Arbitration is often viewed an attractive alternative to litigation because it is designed to be quicker, less costly, and final. Even when an arbitrator’s decision was patently unfair or the arbitrator clearly didn’t follow the law, many cases have held that the parties are stuck with the decision.

However, over the past few years, there have been a few published appellate court cases where this hard and fast rule has been relaxed. Heimlich v. Shivji, recently decided, is yet another one.

Attorney Alan Heimlich sued his client, Shiraz Shivji, for unpaid fees of over $125,000. The trial court compelled the parties to arbitrate the dispute. The arbitrator decided that neither party should get any money.

Six days later, Shivji asked the arbitrator to award him costs, arguing that in effect he had prevailed in the arbitration. Shivji noted that he had previously made the attorney a $30,000 settlement offer. Heimlich didn’t even get that in the arbitration, Shivji said, so the outcome was less favorable to the attorney than to the client.

The arbitrator replied that he no longer had jurisdiction, because the original dispute had been decided, and thus could not consider the claim for costs. He said Shivji should have asked for costs before the decision was rendered. Shivji appealed.

Appellate courts typically refrain from second-guessing decisions by arbitrators. But this case, despite not appearing to involve an egregiously unfair outcome, was accepted.

“When a party has agreed to an alternative dispute resolution mechanism like arbitration and has broadly agreed to submit all issues to arbitration,” the appellate panel said, “then the party should submit all issues to arbitration,” including a request for costs such as Shivji had made.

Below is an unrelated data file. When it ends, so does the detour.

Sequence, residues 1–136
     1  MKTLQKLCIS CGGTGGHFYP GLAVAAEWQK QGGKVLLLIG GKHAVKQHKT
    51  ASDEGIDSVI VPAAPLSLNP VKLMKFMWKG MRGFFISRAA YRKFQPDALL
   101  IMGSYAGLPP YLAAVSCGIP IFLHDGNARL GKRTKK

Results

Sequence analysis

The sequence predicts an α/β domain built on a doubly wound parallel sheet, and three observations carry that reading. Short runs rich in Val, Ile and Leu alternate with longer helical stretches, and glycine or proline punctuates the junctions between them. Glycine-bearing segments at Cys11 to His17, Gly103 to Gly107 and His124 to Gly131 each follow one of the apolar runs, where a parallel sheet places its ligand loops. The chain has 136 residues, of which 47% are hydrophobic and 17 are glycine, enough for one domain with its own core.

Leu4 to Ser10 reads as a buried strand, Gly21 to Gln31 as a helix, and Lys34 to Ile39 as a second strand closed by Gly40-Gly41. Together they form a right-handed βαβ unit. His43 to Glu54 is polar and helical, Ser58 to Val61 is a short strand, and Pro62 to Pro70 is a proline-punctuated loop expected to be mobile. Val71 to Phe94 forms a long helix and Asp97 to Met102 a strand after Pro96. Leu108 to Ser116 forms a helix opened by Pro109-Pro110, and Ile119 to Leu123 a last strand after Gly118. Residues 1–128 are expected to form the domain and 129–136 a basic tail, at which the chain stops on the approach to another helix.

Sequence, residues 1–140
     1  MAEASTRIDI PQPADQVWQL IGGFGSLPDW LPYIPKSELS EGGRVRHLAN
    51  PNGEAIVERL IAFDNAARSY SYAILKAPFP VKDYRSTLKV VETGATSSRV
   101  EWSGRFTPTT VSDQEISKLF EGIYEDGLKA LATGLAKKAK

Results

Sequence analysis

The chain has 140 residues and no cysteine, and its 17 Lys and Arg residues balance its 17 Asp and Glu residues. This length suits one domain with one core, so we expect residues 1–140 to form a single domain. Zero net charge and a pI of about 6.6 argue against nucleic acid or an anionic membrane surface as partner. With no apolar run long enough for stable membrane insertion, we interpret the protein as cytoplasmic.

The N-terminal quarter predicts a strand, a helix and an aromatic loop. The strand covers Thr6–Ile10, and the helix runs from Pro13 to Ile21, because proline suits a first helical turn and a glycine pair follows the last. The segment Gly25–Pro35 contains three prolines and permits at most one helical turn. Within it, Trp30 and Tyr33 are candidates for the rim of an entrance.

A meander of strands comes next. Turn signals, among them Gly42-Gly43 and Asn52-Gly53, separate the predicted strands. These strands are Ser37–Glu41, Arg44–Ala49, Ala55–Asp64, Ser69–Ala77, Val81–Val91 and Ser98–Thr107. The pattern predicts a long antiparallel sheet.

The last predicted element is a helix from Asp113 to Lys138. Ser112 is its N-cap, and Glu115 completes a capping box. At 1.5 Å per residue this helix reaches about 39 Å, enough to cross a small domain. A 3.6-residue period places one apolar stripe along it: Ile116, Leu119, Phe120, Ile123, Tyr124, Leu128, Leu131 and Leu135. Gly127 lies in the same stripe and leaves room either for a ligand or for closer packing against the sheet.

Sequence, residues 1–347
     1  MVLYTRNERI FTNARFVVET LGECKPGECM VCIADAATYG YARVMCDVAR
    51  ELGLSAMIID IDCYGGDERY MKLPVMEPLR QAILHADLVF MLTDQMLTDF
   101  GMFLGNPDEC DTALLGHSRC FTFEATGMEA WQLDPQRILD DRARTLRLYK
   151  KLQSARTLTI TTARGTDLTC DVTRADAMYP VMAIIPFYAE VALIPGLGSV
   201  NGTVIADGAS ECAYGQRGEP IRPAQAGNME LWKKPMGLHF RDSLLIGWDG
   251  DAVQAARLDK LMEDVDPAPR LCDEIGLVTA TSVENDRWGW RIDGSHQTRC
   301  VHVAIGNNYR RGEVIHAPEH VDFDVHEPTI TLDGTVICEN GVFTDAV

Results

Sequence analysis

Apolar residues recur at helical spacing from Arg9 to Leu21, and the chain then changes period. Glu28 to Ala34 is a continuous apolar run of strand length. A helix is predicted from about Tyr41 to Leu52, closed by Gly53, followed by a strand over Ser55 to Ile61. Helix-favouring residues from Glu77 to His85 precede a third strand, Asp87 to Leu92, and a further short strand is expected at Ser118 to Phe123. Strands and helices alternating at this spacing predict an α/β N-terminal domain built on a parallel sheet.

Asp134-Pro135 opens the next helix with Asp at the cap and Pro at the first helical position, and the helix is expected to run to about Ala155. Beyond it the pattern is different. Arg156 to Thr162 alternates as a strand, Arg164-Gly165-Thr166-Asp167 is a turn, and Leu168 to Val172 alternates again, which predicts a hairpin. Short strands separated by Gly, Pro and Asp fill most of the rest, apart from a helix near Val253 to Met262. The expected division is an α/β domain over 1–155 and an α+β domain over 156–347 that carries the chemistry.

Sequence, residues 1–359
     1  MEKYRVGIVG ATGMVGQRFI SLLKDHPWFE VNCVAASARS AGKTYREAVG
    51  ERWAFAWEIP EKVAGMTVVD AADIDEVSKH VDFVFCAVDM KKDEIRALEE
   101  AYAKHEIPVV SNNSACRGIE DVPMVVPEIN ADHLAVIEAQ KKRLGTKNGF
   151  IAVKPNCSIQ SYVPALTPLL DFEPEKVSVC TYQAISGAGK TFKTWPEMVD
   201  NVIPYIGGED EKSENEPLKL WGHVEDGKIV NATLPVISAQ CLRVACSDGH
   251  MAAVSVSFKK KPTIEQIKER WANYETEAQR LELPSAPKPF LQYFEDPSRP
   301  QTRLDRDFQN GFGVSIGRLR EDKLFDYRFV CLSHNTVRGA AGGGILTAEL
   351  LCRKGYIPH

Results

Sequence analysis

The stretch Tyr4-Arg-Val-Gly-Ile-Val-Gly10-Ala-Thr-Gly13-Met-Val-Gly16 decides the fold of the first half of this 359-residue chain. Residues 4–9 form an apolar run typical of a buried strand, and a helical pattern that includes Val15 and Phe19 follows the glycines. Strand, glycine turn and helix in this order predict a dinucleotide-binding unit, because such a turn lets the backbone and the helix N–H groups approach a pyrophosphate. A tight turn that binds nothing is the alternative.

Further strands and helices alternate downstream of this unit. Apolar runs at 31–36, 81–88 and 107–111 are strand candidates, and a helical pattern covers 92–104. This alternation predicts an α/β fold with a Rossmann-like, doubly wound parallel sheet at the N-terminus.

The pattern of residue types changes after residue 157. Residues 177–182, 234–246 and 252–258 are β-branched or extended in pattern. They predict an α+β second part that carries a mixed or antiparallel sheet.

The problem, the appellate court noted, is that the rules governing arbitrations seem unclear on how the issue of a rejected prior settlement offer should be handled.

The text of the relevant statute prohibits the parties from requesting costs based on such a settlement offer. Yet the rules used by arbitrators seem to require the parties to make such a request.

In this case, the appellate court said, it was not being asked to correct a legal error by the arbitrator, or to reopen the case so new evidence could be considered. The issue was whether the arbitrator should have heard evidence on the issue of costs and ruled on it.

He should have done so, the appellate court ruled.

If that meant changing the “final” ruling the arbitrator had already issued, the court said, he could simply declare that the “final” decision he had already rendered was in fact an interim or partial decision, and then issue a new decision.

The issue of costs should be reheard by the original arbitrator, the appellate court said, or if the parties don’t agree to that, the lower court should rule on it.

Only time will tell whether the courts will take a more hands-on approach towards arbitration awards.

By M. Laurie Murphy